So you’ve made it. You want to be a nurse and now you’re ready to begin your nursing career. Here are 14 tips from actual nurses, things they wish they’d known back when they first were starting out, that can help set you on a steeper learning curve as a new nurse.
1. Your schedule is different on paper vs. in real life
Your schedule might look totally doable—a manageable series of shifts (most hospitals would say 3 shifts of 12 hours each). But when you factor in changeover duties, exchanging important patient information before and after each work day, and your commute? Those days are easily 15 hours. And those four days off per week? Forget it. Be ready for the 5 a.m. phone calls begging you to pinch hit when you’re understaffed. Best be prepared for more hours than your schedule would suggest on paper.
2. Your duties expand far and wide
The definition of “nursing,” as it turns out, has a lot more to it than just the medical care you were trained to give. Expect also to have to perform the tasks of waitress, housekeeper, advocate, crusader, IT person, mediator, electrician, errand runner, and counselor. The more your realize how much outside stuff will factor into your ability to get your actual job done, the better a nurse you’ll be.
3. Your memory game must be on point
If you don’t have an outstanding memory, you’d better come up with a mnemonic system to keep things better in your head, or at least be extremely organized and know where you’ve recorded the details you really can’t forget. You’ll be expected to know without hesitation details about your patient, their disease profile, the technology you’ll need to wield, medication interactions, etc. Often as a matter of life and death.
4. Your mistakes will be plentiful
It would be naïve to think that you won’t make them. You will. Everyone does. The first one will feel awful, and you’ll probably cry, but you’ll be very unlikely ever to make it again. Do your best to learn from your mistakes. They’ll make you a much better nurse. And take extra care with medications—they’re the easiest thing to mess up!
5. You will learn how to handle the most difficult thing
Nursing school, no matter how much you think it has, cannot prepare you to witness your first, second, or two hundredth death. You will see hundreds and they will not get easier. Each will be different and tragic in their own way.
6. You will develop a sick sense of humor
If you don’t have one already, you will soon. You and your coworkers will find yourselves making jokes you’d never even realize were joke-worthy before you became a nurse. Just go with it. This is how we keep each other sane.
7. You will be attached to the phone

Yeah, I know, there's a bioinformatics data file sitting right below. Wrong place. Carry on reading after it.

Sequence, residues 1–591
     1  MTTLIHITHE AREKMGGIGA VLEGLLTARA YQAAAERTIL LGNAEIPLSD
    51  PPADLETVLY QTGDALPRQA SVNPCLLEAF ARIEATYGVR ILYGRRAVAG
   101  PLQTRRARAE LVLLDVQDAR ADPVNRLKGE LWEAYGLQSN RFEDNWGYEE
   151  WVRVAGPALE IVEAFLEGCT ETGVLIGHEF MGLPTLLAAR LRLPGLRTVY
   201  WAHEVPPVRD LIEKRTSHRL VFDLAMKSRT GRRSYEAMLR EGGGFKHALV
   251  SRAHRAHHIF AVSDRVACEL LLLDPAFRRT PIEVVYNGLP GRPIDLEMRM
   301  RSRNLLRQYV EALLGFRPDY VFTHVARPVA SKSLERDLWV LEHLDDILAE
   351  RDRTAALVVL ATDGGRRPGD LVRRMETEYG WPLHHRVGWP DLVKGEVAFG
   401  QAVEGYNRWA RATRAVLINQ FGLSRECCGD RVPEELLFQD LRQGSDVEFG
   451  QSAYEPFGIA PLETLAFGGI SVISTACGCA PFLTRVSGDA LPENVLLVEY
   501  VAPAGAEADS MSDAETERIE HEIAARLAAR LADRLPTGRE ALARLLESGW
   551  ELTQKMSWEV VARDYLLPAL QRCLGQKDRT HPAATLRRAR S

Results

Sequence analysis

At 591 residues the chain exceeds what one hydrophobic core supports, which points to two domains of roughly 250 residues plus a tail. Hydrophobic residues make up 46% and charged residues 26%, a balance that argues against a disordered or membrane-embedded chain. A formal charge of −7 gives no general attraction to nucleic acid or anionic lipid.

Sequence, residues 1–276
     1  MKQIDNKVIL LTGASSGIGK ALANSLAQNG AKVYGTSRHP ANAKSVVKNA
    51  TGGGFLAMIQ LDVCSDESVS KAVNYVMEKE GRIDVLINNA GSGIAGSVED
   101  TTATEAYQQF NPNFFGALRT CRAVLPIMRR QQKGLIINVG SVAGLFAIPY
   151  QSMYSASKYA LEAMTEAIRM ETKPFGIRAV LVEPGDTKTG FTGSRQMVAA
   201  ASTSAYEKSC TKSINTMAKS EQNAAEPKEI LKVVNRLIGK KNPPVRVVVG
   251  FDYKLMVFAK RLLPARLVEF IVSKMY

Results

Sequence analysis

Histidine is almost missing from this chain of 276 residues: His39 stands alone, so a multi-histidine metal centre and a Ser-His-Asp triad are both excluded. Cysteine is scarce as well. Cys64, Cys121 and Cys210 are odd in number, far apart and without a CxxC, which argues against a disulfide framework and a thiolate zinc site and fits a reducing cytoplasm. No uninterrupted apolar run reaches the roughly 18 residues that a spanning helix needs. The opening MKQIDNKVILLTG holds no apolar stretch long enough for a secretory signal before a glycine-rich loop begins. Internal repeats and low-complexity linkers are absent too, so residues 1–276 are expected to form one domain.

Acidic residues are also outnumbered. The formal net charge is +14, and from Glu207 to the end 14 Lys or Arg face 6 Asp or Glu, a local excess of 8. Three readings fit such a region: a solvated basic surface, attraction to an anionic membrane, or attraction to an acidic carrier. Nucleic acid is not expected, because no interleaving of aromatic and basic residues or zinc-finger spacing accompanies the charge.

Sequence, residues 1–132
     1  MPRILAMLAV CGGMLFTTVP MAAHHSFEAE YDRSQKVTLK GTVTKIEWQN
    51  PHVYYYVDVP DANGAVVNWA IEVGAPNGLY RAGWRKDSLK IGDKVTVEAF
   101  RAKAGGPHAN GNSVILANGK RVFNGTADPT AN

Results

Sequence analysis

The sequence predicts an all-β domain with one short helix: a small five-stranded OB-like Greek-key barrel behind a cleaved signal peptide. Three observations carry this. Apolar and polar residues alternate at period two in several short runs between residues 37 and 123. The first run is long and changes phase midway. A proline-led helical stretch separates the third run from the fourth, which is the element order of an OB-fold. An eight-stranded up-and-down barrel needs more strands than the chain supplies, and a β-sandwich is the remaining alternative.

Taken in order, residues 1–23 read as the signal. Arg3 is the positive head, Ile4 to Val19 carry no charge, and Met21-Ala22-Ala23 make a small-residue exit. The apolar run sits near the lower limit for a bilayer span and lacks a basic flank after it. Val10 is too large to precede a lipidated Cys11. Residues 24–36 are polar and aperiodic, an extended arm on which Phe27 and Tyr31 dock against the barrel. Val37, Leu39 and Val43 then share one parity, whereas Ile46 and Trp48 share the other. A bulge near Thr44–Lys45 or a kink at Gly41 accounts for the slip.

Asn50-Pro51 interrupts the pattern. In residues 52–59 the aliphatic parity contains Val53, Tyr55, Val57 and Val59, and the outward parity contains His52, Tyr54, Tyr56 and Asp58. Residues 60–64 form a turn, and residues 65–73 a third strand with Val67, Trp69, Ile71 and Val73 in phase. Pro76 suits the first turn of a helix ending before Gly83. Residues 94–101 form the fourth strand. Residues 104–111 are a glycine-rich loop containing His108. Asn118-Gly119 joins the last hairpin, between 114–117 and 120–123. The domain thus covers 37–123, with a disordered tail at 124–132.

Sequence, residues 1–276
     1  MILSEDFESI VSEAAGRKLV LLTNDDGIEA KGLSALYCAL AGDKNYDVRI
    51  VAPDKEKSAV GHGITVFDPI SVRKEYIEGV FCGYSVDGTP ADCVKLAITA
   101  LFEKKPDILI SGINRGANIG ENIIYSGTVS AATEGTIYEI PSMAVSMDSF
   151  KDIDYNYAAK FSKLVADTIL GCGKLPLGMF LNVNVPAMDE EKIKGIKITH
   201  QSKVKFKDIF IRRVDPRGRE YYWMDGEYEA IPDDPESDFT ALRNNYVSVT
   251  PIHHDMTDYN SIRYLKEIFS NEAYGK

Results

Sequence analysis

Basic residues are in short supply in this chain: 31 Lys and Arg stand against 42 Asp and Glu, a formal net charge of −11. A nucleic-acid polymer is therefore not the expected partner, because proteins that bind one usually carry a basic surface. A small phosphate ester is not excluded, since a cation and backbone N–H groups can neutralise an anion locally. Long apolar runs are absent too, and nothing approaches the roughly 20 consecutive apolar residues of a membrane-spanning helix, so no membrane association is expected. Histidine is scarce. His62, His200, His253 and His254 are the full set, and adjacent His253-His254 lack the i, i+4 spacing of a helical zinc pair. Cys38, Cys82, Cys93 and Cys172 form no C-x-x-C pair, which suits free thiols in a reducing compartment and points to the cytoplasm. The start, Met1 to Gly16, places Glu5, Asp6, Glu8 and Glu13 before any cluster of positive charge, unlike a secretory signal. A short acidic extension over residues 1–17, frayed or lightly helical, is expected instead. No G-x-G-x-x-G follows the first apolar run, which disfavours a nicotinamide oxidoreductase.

You’ll be dealing with patients a great deal. You’ll be expected to be graceful under fire. But you’ll also spend an ungodly amount of time, tedious time, on the telephone. Other departments, doctors, pharmacies, insurance companies, supply companies, etc. Train yourself to have excellent phone demeanor and you’ll go far.
8. Your body will take a beating
It will hurt you. After almost every shift. And as you grow older and more seasoned in your career, it will only hurt more. You’re standing, walking, lifting patients and equipment. It takes a toll. Take good care of yourself. Stretch. Learn to optimize your body mechanics—standing, sitting, bending, lifting. Wear compression stockings and good, supportive shoes.
9. Your friends and family become bonus patients
You’re never going to be off the clock. Not as long as your friends and family have cell phones and cameras and can send you their complaints and health questions. Just get used to it. You’ll have a hard time turning loved ones away when you or your colleagues might be of help.
10. Your pay is not as high as it should be
It will never be enough for the amount of work you’re expected to do just to perform your base duties. But there are always opportunities for you to pick up extra shifts and overtime. If you can do the extra work, you can make the extra cash.
11. Your schedule will be all over the place
Kiss your weekends and holidays goodbye. And be prepared to explain to your friends and family why you can’t always be counted on to come to dinners and birthday parties and weekends away. Eventually you’ll all get used to the way things have to be.
12. Your second family will be at work
Your coworkers will become your family. You’ll be battle tested. And you’ll see everything, process everything, mourn and celebrate everything as a little unit. You’ll love and hate them, and celebrate most holidays by their side.
13. You will come to depend upon breakfast
Is more important for you than for almost any one else in any other career. Make sure you eat it, even if you do it during your commute. It might be the only chance you get to eat. And try to load up on protein bars or drinks to keep you going when you only have two minutes to eat and no time to chew!
14. You will learn the meaning of commitment
Probably the most important thing to ask yourself is how much you actually want this. Nursing isn’t for everyone. It’s a thankless, underappreciated, underpaid profession, but if it’s what you love, you’ll be able to hang in there no matter what. Do a bit of soul searching to find the kind of dedication you’ll need to keep you going during the course of your long career.